For Kim Phan, success has always come early. A mere three months after celebrating her thirtieth birthday, Phan was named executive director of the prestigious International Law Institute (ILI) in Washington, D.C., where the average age of directors is well over sixty.
Phan majored in political science with a concentration in nuclear war under the direction of Associate Professor of Political Science Howard Tamashiro. “I owe fifty percent of my education to him,” Phan says. “He is so brilliant, modest, and devoted to making sure that his students developed a sophisticated thinking process beyond what they thought they were capable of.”
During the summer of 1996, encouraged by Tamashiro, Phan joined a research team in Vietnam through World Learning’s School for International Training. “I discovered that one out of five children died from waterborne diseases in Vietnam,” she says-an especially poignant statistic for Phan, who was born in Saigon four days after the city’s fall signaled the end of the Vietnam War in 1975.
Before long, Phan says she realized that heightened government awareness and funding for wastewater treatment plants could potentially save the lives of 100 Vietnamese children per day. Returning to her homeland at such an impressionable age ignited Phan’s interest in environmental issues throughout Asia and foreshadowed a high-profile career advising governments of developing countries all over the world.
At age twenty-six, Phan secured her dream job as the United States-Asia Environment Partnership Liaison to the Asian Development Bank. Working at the U.S. Embassy in Manila, Philippines, Phan says she “found opportunities for U.S. companies and Asian countries to work together to clean up the environment in Asia.” Soon, Phan adds, she made another important discovery.
“I realized that just because a government has the money to build a water treatment facility doesn’t mean people will have access to clean water, or that the facility will be built well,” she says. “The problem was not a lack of money for projects, but a lack of knowledge on how to implement those projects. Ultimately, governments made bad decisions.”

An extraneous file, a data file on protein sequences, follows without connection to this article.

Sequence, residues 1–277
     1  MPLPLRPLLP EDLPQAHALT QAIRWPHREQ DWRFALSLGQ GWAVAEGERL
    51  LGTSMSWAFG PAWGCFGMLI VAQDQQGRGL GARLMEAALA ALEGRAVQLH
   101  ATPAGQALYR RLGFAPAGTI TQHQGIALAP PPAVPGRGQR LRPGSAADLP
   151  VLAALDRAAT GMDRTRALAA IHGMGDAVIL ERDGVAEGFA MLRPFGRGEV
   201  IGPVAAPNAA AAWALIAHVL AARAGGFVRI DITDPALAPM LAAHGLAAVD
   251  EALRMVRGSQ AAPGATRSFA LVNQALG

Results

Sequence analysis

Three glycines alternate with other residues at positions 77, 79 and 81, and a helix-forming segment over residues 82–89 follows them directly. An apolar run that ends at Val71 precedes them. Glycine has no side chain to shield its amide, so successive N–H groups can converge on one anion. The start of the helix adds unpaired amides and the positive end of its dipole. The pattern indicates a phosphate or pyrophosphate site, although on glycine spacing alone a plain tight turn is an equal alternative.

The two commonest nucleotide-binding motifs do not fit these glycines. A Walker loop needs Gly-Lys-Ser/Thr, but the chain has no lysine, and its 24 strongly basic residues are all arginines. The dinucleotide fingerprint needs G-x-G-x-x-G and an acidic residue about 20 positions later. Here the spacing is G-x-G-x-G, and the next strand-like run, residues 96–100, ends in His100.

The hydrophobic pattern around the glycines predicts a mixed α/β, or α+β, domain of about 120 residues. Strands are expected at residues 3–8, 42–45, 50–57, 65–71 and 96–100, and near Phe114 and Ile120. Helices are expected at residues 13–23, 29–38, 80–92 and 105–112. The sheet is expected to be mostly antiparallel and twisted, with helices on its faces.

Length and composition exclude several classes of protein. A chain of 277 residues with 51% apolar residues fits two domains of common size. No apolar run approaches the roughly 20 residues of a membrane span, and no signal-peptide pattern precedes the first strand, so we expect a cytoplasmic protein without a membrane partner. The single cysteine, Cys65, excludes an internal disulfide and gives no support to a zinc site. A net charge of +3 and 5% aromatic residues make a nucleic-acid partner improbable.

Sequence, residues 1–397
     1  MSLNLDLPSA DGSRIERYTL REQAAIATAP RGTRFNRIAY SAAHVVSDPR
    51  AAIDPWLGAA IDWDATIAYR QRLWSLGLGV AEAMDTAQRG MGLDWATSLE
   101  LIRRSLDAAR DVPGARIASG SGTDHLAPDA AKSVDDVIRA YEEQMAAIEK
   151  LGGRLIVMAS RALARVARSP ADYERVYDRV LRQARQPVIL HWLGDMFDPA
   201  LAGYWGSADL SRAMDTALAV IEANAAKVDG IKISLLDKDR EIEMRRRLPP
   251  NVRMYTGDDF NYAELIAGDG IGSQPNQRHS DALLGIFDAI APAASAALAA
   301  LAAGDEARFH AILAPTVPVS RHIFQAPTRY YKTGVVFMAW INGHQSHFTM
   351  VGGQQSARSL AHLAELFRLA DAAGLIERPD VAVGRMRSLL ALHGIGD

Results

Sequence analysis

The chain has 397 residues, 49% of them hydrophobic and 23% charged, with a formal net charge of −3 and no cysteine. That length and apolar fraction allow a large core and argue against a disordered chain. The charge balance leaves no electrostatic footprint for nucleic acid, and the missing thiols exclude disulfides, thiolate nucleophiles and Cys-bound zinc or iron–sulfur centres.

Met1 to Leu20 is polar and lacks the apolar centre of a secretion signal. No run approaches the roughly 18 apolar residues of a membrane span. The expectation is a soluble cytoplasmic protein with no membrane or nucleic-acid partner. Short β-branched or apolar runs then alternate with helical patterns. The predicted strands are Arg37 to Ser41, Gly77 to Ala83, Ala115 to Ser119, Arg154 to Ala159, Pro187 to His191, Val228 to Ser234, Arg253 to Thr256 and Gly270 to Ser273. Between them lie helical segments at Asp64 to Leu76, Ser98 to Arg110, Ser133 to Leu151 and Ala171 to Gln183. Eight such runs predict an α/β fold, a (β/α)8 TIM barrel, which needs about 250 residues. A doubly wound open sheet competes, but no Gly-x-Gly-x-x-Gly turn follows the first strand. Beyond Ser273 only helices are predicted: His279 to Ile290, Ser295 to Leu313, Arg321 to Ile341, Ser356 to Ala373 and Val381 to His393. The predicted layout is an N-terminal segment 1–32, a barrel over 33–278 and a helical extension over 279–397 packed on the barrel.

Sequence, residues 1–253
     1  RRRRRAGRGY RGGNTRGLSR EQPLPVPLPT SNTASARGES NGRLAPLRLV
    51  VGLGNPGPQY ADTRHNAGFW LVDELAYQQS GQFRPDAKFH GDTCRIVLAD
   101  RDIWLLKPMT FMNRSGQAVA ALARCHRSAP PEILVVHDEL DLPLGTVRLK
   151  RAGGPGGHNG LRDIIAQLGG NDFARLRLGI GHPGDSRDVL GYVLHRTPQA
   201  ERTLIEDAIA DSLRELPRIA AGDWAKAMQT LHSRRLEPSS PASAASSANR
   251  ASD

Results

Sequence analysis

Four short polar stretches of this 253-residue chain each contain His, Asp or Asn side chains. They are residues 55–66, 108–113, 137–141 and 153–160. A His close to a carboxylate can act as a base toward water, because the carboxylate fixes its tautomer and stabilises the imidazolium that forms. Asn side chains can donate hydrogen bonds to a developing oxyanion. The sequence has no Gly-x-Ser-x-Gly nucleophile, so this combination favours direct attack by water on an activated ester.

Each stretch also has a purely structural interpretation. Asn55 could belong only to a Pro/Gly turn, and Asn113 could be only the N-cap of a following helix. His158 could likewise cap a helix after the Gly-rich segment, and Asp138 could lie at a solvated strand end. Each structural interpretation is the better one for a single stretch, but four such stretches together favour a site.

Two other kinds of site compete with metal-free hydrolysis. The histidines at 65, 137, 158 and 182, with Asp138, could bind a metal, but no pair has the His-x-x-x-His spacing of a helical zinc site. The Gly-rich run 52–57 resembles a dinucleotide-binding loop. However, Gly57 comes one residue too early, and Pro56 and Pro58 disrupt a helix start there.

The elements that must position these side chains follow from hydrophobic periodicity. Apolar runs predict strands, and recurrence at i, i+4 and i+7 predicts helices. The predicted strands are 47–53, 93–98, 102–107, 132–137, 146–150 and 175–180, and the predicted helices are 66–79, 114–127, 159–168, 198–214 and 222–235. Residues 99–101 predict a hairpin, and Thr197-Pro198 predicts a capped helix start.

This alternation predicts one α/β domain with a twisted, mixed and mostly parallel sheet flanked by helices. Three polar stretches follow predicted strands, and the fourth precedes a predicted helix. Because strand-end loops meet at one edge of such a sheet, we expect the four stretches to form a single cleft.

All roads seemed to point Phan to the ILI, a private, not-for-profit organization established in 1955 whose mission is to “foster prosperity through the rule of law.” Phan joined the ILI as Director of Business Development in 2004, a role she still maintains in addition to her executive directorship.
Today, the Institute consists of three major components: education, advising, and publishing. Known primarily as a training institute, ILI has trained more than 14,000 government officials and practitioners from over 185 countries. The Institute also advises both the public and private sectors in the handling of negotiations, problems, and work with respective governments to draft various laws; and it has published books on law and legal systems, most notably the annual Digest of United States Practice in International Law for the Department of State.
“Sometimes corruption is so ingrained in a society that its citizens don’t even know that it’s bad,” Phan says. “That’s why we select government officials who are sincere about their country’s well-being, and we teach them the difference between good practices and bad practices.”
Phan’s business travels have included a trip to Honduras, a visit to Mauritius, and a stop in Uzbekistan. The Institute’s most concentrated efforts, Phan says, have been in China, where its staff trained nearly 300 judges in the Chinese National Justices College to make their rulings comply with the standards of the World Trade Organization. The ILI also implemented the China Banking Regulations Reform project to make the Chinese bank more conducive to business and the private sector.
“We empower government officials and practitioners by giving them knowledge and tools to do their job better,” Phan says, “and hope that the political will in their respective countries will allow them to better perform their jobs.”
While success may always come early for Phan, it never comes easy. “My work day is literally around the clock,” she admits. “Very often, I have to do conference calls at 2 a.m. because that is the hour of business for the Philippines and Uzbekistan.”
But Phan is showing no signs of slowing down. She even decided to forgo a honeymoon with husband Mattias Wiklund after their November wedding in order to attend the ILI’s 50th Anniversary Gala in Washington one week later, on November 17.
“It’s rewarding to know that what we do has a significant impact that trickles down,” Phan says of her work at the ILI, “to know that when you help governments make the right decisions, their countries and people will benefit.”
—Abby Collier ’03
This article was featured in the Spring/Summer 2006 issue of Allegheny Magazine.